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March 17, 1976 - Image 4

Resource type:
Michigan Daily, 1976-03-17

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nr 3itran Da tg
Eighty-Six Years of Editorial Freedom
420 Maynard St., Ann Arbor, MI 48104

Billy Graham


in Mo town

Wednesday, March 17, 1976

News Phone: 764-0552

Edited and managed by Students at the University of Michigan
Arms to Egypt pro peace

dat's call for the immediate sev-.
erance of his nation's friendship
treaty with the Soviet Union holds
forth a possible promise for peace
in the Middle East but suggests the
danger of a new escalation of Mid-
east tension.
Russia's efforts to reduce American
influence in the Middle East h a v e
often disturbed Arab-Israeli relations
at crucial moments when peace might
have been achieved. With Egypt's
step towards repudiation of Soviet in-
fluence, perhaps such external dis-
turbances will become a thing of the
past and the Arabs and the Israelis
can be left to themselves to work
out the peace both seem to want.
In this sense, Sadat's action may re-
present a chance for peace.
However, a note of caution must be
Mounded. Sadat is too canny a poli-
tician to do the U.S. favors without
expecting something in return. There
is now before Congress a bill to start
arms shipments to Egypt. Sadat's
move is obviously intended to influ-
ence the Congress favorably toward
this bill.
There is a danger that the United
States will start giving Egypt wea-
Editorial Staff
JWP RISTINU...............Managing Editor
TIM SCHICK.................Executive Editor
STEPHEN HERSK ............Editorial Director
JEFF SORENSEN.................Arts Editor
CHERYL PILATE...............Magazine Editor
STAFF WRITERS: Susan Ades, Tom Allen, Glen
Allerhand, Marc Basson, Dana Bauman, David
Blomqulst, James Burns, Kevin Counihan,
Jodi Ditmick, Mitch Dunitz, Elaine Fletcher,
Phil Foley, Mark Friedlander, David Garfinkel,
Toro Godell, Kurt Harju, Charlotte Heeg,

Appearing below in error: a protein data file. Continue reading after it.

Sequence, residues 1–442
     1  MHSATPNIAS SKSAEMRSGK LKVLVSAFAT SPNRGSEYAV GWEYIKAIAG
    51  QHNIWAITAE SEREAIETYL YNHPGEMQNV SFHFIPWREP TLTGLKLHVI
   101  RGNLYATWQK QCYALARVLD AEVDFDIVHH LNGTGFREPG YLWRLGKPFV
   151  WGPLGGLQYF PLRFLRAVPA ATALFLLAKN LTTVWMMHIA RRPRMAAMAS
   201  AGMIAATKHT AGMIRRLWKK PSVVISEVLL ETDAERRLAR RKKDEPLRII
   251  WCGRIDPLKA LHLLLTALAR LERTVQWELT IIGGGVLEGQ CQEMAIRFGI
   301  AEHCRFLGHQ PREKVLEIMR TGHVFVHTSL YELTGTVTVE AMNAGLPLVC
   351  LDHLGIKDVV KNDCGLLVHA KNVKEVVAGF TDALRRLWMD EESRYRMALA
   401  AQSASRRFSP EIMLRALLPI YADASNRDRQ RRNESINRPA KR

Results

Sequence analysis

Richard James, Lois Josimovich, Tom Kettler,
Chris Kochmanski, Jay Levin, Andy Lilly, Ann
Marie Lipinski, George Lobsenz, Pauline Lu-
bens, Teri Maneau, Angelique Matney, Jim
Nicoll, Maureen Nolan, Mike Norton, Ken Par-
sigian, Kim Potter, Cathy Reutter, Anne
Marie Seblavi, Karen Schulkins, Jeff Selbat,
Rick Sobel, Tom Stevens, Steve Stojic, Cathi
Suyak, Jim Tobin, Jim valk, Margaret Ya,
Andrew Zerman, David Whiting, Michael Beck-
man, Jon Pansius and Stephen Kursman.
Sports Stff
Sports Editor
RICH LERNER........Executive Sports Editor
ANDY GLAZER........ Managing Sports Editor
RICK BONINOG..........Associate Sports Editor
NIGHT EDITORS: Tom Cameron, Enid Gold-
man, Kathy Henneghan, Ed Lange, Scott
Lewis, Marcia Katz, John Niemeyer.
STAFF WRITERS: Dennis Bash, Paul Campbell,
Marybeth Dillon, Ernie Dunbar, Henry Engel-
' b1rdt, Jeff Prank, Cindy Gatziois, Jerome
Gilbert, Don MacLachian Rick Maddock, Bob
Mller, Jim Powers, Patrick Rode, John
Schwartz, Mark Whitney.

"The Soviet Union is on the road to
conquering the world!"
"Joe Louis and I used to visit his
mother and pray for her."
"Richard Nixon is still my friend, and
a religious leader doesn't desert a friend
when he's in trouble."
-Billy Graham
Cobo Hall press conference
March 8, 1976
He imparts the big, firm Texan image:
strong set jaw, assured mild drawl, firm
and dry handshake. He speaks his pol-
ished, humble, Lorldly PR in a slow,
almost catering address. He is affable,
sincere. His smiles seem light-years from
the aseptic and when he answers a ques-
tion his bright-rich-blue-ice-laser eyes
drill at you.
And this October, Graham will be dril-
ling away evangelist-style to the masses
in Pontiac Stadium. He stopped off last
week in Detroit for two days on his way
to New York and Philadelphia for a